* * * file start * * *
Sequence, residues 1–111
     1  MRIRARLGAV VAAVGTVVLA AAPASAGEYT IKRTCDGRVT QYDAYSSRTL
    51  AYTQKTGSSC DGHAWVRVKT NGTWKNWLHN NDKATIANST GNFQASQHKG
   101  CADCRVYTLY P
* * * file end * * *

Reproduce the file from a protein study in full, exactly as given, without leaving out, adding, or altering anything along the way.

Sequence, residues 1–111
     1  MRIRARLGAV VAAVGTVVLA AAPASAGEYT IKRTCDGRVT QYDAYSSRTL
    51  AYTQKTGSSC DGHAWVRVKT NGTWKNWLHN NDKATIANST GNFQASQHKG
   101  CADCRVYTLY P